Magnetic nanoparticles in biological vehicles individually characterized for the first time

Magnetic nanostructures are promising tools for medical applications. Embedded in biological structures, they can be directed via external magnetic fields inside the body to release drugs or destroy cancer cells. However, until now, only average information about the magnetic properties of these nanoparticles could be obtained, thus limiting their successful implementations in therapies. Now, a team from HZB has designed and tested a new method to assess the characteristic parameters of each magnetic nanoparticle.

Imagine a tiny vehicle with a nanomagnetic structure, which can be directed through the human body via external magnetic fields. At its destination, the vehicle can release a drug or heat cancer cells without affecting healthy tissue. Scientists from different disciplines are working on this vision to make it come true. A multidisciplinary research group from the Universidad del País Vasco, Leioa, Spain, is exploring the talents of so-called magnetotactic bacteria, which have the surprising property of forming magnetic iron oxide nanoparticles inside their cells. These particles, with a diameter of approximately 50 nanometers (100 times smaller than blood cells), are organized within the bacteria in a chain. The Spanish team is pursuing the idea of ​​using such “magnetic bacteria” as magnetic hyperthermia agents to treat cancer: directed at the cancer site, the magnetic nanostructures must be heated by external fields in order to burn the cells cancerous.

Now they have cooperated with a team of physicists led by Sergio Valencia at HZB to explore their magnetic properties in detail. The degree of success of all of these applications depends substantially on the magnetic properties of the individual nanomagnets. But since the signals from these tiny magnetic structures are quite weak, it is necessary to average the values ​​over thousands of these structures in order to obtain meaningful data.

Average values ​​are not enough

So far, only these average values ​​can be measured, which imposes certain constraints in the design of custom nanomagnet applications. But that has changed. Spanish physicist Lourdes Marcano developed a new method during her postdoctoral stay in the Valencia team at BESSY II: “We can now obtain precise information on the magnetic properties of several individual nanomagnets simultaneously” she says .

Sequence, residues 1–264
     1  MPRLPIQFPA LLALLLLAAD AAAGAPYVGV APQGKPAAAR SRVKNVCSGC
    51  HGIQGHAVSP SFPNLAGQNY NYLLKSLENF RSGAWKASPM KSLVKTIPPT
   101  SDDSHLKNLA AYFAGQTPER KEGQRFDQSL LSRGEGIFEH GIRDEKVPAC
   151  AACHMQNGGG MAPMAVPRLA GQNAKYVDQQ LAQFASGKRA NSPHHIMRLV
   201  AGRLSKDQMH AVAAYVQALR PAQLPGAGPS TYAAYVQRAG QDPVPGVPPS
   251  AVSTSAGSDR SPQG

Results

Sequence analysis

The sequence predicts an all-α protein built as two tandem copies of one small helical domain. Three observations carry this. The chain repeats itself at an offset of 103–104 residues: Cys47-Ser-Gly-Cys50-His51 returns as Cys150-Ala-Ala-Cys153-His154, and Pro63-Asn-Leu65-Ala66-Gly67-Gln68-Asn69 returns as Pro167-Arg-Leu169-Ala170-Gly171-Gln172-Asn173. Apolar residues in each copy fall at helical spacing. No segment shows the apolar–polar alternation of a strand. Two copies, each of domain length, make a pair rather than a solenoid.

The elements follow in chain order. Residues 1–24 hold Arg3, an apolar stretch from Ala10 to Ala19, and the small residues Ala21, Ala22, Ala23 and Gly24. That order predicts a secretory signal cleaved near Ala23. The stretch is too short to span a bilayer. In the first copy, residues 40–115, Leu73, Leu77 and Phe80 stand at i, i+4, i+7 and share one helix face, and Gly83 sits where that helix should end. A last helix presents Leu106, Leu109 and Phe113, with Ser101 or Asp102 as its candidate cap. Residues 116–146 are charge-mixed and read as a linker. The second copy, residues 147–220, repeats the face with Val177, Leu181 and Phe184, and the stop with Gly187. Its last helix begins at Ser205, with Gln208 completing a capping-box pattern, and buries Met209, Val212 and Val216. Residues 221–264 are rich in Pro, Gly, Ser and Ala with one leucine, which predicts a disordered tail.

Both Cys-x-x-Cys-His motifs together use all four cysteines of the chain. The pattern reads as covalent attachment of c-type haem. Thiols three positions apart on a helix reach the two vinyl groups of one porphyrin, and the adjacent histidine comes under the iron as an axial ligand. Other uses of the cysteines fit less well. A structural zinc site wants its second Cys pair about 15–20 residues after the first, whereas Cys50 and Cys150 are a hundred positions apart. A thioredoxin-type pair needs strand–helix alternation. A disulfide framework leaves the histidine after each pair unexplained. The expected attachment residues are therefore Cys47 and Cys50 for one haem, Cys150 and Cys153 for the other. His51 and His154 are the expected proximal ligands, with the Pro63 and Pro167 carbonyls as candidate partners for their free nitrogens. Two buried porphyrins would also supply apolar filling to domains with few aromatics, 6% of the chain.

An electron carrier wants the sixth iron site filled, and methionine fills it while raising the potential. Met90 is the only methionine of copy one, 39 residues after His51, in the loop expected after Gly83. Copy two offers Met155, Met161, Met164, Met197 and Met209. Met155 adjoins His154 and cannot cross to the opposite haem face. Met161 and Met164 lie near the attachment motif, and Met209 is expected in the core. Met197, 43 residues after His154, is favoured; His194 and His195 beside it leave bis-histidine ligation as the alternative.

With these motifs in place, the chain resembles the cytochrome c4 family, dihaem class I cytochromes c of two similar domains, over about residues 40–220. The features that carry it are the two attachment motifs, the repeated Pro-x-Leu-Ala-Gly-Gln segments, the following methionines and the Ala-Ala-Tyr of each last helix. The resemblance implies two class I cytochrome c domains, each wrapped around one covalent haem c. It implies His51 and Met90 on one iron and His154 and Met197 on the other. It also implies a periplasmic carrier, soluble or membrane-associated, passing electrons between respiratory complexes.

Magnetic anisotropy for each particle

The method makes it possible to measure the magnetic properties of individual magnetic nanostructures, even when they are embedded in biological entities. Magnetic imaging with the BESSY II MAXYMUS scanning transmission X-ray microscope, using theoretical simulations, provides information on the so-called magnetic anisotropy of each nanoparticle in the field of view of the microscope. The method has proven itself by determining the magnetic anisotropy of magnetic nanoparticles inside a bacterium. Magnetic anisotropy is an important parameter for controlling and directing magnetic nanoparticles because it describes how a magnetic nanoparticle responds to external magnetic fields applied in an arbitrary direction.

Future standard laboratory technique

“In fact, magnetic imaging of magnetic nanoparticles inside a biological cell with sufficient spatial resolution requires the use of X-ray microscopes. Unfortunately, this is only possible in large research facilities. scale, like BESSY II, providing sufficiently intense X-ray radiation, however, in the future, with the development of compact plasma X-ray sources, this method could become a standard laboratory technique,” ​​says Sergio Valencia.

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Materials provided by Helmholtz-Zentrum Berlin for Materials and Energy. Note: Content may be edited for style and length.

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